Get Them While Their Young

Homophobia, Biphobia, Queerphobia, Discrimination

Homophobia, Biphobia, Queerphobia, Discrimination (Photo credit: Wikipedia)

Cardinal Glick: Fill them pews, people, that’s the key. Grab the little ones as well. Hook ’em while their young.
Rufus: Kind of like the tobacco industry.
Glick: Christ, if only we had their numbers.

It is so easy to set a kid’s attitudes for life while they are young. Yes, they will go through a rebellious phase. They will challenge what they are taught, but most of those early lessons stick with us through life. It is why in general I have a personal problem with taking kids to church early. This isn’t due to my lack of belief, but if you really want them to display actual faith, and not just habit, how can you indoctrinate them so young? Later in life, how can they ever be certain that what moves them is belief and trust in the divine, and not just a pattern that was placed in them early in life? Still, that is a question each family has to answer for themselves, though I hope they at least ask, and reflect upon it.

It is perfectly understandable, I suppose. Most parents, even really open-minded ones, want their kids to share their values. So mom and dad take their kids to church on Sunday because it is important to them, though I wonder how many mom and dad’s ask themselves if it is due to actual belief and not in patterns their parents instilled in them. I have seen good come of this. I have watched my dearest friends encourage their children to be open to other experiences, other ideas, and the fact that there are people just plain different from them and that is OK. It is, after all, a parent’s first job: shaping the young life they have created.

The thing is, though, not everyone teaches their kids to think with open, critical, and loving minds. Some people teach their kids to distrust and even hate that which is different. They teach their kids that their way of life is superior to others. They pass on their fear and loathing to the next generation, and leave the rest of us with another person standing for the forces of oppression. They leave us with another person who mistakes respect for another as disrespect for them. They leave us with one more person hurling hate at us. This may not matter to you if you have not been on the short end of that stick, but it definitely matters for the rest of us.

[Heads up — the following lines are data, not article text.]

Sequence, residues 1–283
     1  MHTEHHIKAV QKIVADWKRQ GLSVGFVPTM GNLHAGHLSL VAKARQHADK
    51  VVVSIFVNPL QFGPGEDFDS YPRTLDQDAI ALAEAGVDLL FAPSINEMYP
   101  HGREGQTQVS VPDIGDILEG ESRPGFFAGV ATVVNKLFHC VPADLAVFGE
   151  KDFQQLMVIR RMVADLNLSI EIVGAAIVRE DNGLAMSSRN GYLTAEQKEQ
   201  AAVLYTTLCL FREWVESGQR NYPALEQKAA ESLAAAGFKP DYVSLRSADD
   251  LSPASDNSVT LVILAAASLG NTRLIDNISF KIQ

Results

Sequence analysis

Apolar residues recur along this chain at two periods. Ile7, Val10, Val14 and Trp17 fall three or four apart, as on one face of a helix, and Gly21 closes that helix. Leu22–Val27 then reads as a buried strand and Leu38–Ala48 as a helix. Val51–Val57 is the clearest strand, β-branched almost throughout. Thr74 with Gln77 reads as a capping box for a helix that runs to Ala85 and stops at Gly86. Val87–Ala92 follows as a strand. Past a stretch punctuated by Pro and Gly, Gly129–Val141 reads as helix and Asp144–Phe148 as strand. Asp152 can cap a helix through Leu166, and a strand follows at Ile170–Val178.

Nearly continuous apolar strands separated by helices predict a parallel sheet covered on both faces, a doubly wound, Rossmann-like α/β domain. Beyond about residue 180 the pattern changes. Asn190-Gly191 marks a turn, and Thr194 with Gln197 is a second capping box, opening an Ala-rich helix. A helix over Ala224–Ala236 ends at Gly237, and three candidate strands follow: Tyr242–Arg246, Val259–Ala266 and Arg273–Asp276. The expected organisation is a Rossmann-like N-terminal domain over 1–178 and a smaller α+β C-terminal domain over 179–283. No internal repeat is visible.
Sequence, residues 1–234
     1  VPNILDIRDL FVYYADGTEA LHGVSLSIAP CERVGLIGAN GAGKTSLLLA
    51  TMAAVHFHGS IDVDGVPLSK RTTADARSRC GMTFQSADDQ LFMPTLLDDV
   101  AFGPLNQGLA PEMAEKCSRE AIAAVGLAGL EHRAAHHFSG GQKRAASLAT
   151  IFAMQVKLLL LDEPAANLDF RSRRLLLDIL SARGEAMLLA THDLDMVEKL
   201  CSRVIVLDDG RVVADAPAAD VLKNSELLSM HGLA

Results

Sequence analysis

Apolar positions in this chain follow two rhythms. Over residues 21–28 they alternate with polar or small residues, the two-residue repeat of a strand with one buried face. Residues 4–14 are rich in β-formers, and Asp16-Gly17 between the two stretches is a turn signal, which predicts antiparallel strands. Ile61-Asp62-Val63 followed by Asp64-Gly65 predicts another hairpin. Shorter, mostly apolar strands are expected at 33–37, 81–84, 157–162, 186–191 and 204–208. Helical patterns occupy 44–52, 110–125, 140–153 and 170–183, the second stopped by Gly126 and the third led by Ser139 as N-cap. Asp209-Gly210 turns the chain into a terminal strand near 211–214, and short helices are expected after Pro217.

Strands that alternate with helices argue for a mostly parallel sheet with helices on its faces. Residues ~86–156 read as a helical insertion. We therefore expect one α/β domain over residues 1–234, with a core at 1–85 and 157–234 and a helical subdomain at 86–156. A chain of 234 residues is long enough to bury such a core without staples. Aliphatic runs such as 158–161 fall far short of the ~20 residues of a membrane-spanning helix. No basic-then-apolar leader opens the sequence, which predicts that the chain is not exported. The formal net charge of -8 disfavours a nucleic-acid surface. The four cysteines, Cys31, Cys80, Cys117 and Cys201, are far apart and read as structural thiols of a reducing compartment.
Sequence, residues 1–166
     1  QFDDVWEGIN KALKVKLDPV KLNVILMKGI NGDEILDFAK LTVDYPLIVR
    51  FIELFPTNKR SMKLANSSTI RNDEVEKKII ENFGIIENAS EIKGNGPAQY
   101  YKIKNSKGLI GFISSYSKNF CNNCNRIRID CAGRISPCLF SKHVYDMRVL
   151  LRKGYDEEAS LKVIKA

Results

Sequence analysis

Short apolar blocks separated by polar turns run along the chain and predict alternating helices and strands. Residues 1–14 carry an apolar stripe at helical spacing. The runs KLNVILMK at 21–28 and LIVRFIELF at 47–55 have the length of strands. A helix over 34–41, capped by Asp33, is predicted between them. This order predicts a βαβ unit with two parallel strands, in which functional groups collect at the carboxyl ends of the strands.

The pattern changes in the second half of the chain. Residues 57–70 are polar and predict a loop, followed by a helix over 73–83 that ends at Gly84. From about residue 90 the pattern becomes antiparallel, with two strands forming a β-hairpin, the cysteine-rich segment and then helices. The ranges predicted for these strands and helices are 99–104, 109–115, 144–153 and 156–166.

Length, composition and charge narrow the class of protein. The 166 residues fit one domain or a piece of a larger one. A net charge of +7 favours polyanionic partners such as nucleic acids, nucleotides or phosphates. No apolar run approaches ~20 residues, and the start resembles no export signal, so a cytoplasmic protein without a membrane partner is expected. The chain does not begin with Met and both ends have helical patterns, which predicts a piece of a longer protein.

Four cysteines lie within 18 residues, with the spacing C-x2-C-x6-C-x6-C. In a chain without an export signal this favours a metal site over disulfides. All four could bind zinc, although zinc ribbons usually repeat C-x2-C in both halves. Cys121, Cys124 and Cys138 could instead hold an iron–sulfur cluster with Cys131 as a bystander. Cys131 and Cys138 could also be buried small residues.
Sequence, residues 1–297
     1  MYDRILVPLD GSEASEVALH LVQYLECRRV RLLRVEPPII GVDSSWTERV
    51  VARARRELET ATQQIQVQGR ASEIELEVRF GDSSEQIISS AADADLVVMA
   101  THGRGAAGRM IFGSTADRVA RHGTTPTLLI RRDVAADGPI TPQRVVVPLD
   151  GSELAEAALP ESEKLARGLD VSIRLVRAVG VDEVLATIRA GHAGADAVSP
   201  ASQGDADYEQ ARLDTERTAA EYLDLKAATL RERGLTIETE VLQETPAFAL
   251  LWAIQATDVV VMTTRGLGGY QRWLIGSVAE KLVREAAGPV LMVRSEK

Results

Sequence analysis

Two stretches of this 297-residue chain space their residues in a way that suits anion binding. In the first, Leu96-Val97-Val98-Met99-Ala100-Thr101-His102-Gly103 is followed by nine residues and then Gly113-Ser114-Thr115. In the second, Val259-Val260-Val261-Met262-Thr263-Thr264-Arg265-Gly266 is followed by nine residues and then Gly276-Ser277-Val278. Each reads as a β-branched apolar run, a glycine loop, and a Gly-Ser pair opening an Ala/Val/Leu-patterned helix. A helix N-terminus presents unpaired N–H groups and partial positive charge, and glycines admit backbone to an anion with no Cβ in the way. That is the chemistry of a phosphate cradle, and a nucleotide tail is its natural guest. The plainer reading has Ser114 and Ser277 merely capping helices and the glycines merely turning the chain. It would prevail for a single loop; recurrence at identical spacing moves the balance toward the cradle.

Which is why this book bothers me so much. Oh, it dresses it’s hate in pretty pictures and words. Little Michael prays for Jimmy and his two sinful daddies. Meanwhile the authors have created a nice little script for parents to shove their narrow view of the universe into their kids heads. The children having this read to them will grow up with an idea in the back of their heads. This idea will shape their development. It will shape their interactions as adults. If they are lucky, they will learn from the examples of other, less bigoted people around them. There is reason to be hopeful on that front, but still, these parents have created a barrier for their children and for a civil society.

I will never advocate for censorship. I am glad this hateful book is out there. It gives the rest of us a chance to talk about it. It lets us know what poison people are pouring into their children’s minds so maybe we can counter it. We need to counter it, because despite what people want to believe, their children are not their property. They do not exist solely to be extensions of the parent’s being. Their children are their responsibility, both to the kids and to the larger society to which they will belong, which is why we all have a responsibility to help shape the next generation. Each of us owes it to the other to do our part to raise these kids if only from the sidelines.

We have to show them that an accepting world is a better one. We can teach them that there is a place for everyone. They can learn that what is in another’s heart is no one else’s business so long as that other does no harm to their neighbors. It is a difficult task. One does not want to interfere with a parent’s first right to shape their children. One also wants to avoid being manipulative. The best we can do is to lead by example. The best we can do is be there when they start to question. We need to be there, though, because eventually they will question, and when we do, we want to be able to have the best answers for them, answers that explain a better kinder world. Answers that will help them still love their parents while understanding that their parents hold ideas that hold us all, themselves included, back.

A better world is out there. One in which we don’t hate based on race, sex, sexual orientation or any number of reasons we have given ourselves to do so over the millenia. It is just within reach, but we have to make sure the young want to reach it, and to undo the harm done by those that want to keep that hate alive. People like Amber Dee Parker make it harder, but we can and must rise above. We can and must, if I may be a bit cliché, “be the change you want to see in the world.”

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